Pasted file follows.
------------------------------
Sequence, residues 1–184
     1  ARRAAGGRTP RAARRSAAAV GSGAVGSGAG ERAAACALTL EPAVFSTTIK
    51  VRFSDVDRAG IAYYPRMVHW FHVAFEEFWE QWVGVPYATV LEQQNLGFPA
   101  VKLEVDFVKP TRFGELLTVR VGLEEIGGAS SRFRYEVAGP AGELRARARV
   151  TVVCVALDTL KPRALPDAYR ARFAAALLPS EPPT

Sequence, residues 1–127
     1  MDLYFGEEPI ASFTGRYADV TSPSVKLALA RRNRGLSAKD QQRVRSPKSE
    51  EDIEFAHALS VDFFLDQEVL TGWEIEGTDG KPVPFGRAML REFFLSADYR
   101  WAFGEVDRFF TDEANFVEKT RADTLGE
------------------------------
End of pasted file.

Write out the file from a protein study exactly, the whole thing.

Sequence, residues 1–184
     1  ARRAAGGRTP RAARRSAAAV GSGAVGSGAG ERAAACALTL EPAVFSTTIK
    51  VRFSDVDRAG IAYYPRMVHW FHVAFEEFWE QWVGVPYATV LEQQNLGFPA
   101  VKLEVDFVKP TRFGELLTVR VGLEEIGGAS SRFRYEVAGP AGELRARARV
   151  TVVCVALDTL KPRALPDAYR ARFAAALLPS EPPT

Sequence, residues 1–127
     1  MDLYFGEEPI ASFTGRYADV TSPSVKLALA RRNRGLSAKD QQRVRSPKSE
    51  EDIEFAHALS VDFFLDQEVL TGWEIEGTDG KPVPFGRAML REFFLSADYR
   101  WAFGEVDRFF TDEANFVEKT RADTLGE